A hot tub can take your backyard from a place you spend time and turn it into a place where you live. An at-home retreat, the hot tub will help you and your space come alive.
However, before you slip in to soak away the stress, it’s important to understand the key to enjoying a hot tub. And we’re not talking about the number of jets and whether it has lounge seats.
A hot tub needs to be cared for and the water properly maintained so that you can enjoy it safely. These are some of the most hot tub common mistakes that new owners make. Taking the time to learn about hot tub maintenance — and making it a priority — can help you get the most out of your spa.
10 Common Hot Tub Mistakes
Purchasing a hot tub is an investment not just in your backyard but your health. And you want to get the most out of that investment — using it regularly throughout the week and many years to come. A well-maintained hot tub can last a decade … or longer.
Avoiding common hot tub mistakes can help you avoid stress and protect your investment.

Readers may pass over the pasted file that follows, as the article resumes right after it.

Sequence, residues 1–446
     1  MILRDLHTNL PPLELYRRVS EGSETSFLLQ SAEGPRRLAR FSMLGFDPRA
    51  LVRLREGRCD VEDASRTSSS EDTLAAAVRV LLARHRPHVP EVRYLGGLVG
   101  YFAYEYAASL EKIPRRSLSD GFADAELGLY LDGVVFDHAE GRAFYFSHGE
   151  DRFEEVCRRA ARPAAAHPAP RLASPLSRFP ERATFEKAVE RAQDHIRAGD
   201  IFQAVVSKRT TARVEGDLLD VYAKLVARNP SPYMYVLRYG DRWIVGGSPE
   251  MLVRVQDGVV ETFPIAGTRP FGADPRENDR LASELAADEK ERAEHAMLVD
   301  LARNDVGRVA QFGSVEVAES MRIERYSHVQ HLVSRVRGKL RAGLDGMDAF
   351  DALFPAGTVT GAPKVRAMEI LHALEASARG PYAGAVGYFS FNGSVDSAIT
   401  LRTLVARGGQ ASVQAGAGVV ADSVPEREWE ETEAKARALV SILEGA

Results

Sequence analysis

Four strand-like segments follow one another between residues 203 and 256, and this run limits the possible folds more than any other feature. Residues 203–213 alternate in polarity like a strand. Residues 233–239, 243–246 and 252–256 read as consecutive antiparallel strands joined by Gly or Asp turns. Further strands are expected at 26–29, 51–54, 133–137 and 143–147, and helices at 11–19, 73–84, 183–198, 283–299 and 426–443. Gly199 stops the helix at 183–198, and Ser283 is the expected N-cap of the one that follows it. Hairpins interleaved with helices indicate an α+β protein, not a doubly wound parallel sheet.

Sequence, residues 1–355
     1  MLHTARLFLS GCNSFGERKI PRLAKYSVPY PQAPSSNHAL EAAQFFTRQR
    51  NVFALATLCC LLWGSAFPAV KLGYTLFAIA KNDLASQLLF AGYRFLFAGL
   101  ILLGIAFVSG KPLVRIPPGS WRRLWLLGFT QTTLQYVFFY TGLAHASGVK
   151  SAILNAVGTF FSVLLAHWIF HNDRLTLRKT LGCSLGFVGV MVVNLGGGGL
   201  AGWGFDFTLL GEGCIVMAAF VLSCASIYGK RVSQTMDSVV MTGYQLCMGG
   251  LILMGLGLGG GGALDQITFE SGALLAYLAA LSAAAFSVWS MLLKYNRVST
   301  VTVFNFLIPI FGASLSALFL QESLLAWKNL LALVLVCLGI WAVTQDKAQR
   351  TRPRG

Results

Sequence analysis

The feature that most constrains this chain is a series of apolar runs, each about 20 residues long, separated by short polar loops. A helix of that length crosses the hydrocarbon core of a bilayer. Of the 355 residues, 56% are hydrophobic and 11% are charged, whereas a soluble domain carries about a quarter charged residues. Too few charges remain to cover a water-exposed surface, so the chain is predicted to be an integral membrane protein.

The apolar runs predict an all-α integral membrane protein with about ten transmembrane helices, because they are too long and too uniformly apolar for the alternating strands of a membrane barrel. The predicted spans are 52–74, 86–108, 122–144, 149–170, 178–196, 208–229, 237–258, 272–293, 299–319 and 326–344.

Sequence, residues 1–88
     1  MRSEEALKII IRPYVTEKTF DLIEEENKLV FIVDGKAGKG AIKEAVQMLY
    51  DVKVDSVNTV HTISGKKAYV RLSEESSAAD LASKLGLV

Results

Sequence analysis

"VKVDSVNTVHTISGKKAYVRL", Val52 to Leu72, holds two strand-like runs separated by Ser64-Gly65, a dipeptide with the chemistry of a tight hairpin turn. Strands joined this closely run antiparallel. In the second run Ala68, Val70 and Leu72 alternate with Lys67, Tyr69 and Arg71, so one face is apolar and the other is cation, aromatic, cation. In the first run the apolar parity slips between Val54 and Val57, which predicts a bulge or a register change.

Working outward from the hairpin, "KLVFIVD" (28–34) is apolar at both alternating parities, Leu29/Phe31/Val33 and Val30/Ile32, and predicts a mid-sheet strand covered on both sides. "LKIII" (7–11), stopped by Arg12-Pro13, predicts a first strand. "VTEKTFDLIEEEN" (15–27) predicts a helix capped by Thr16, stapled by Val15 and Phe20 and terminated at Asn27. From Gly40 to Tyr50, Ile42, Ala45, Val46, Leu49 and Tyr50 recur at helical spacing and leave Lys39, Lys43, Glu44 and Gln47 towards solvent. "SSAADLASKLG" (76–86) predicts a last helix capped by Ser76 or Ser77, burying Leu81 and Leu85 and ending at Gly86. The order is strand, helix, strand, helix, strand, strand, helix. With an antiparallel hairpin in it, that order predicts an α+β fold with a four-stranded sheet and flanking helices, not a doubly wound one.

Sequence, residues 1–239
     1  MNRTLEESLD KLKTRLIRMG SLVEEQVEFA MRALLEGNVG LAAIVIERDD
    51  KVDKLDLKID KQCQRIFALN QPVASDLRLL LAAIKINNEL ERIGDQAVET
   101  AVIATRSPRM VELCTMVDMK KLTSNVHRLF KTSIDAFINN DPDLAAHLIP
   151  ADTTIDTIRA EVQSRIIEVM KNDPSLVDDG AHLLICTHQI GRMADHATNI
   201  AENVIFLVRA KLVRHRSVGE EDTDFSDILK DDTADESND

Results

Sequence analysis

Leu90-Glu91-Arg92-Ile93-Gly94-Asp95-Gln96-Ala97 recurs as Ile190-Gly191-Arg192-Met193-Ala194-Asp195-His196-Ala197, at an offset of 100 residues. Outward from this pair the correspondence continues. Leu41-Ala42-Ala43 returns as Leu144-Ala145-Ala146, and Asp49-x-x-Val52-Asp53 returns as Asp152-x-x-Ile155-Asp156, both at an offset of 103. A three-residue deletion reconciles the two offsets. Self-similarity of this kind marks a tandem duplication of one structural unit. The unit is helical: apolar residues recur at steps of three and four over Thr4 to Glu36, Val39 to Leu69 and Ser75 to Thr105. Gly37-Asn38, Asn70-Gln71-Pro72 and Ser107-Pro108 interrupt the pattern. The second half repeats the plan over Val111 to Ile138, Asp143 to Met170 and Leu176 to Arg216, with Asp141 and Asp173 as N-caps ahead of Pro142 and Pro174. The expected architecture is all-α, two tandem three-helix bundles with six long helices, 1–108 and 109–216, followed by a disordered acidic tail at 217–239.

Wearing Street Clothes
When you get into your hot tub, you should wear something that’s comfortable. But we’re not talking about a pair of sweats or your favorite T-shirt. Wearing street clothes can negatively affect your water quality. The fabric of your clothing will have soap residue, as well as absorb body oils and lotions — all of which can cause your hot tub water to be foamy and cloudy. You can treat your water afterward but hot tub chemicals might not be enough to fix the problem. One soak in street clothes might force you to drain and refill your hot tub.
Winterizing Hot Tub
Many hot tubs are designed to be used year-round, with insulation protecting the components of the spa and keeping the water warm.
But some people choose to winterize their hot tub, basically closing it for the season. The owner will have to remove all water from the hot tub, including in the plumbing and pumps, to prevent unwanted damage. Water left in the hot tub, especially in the plumbing, can freeze and damage the components.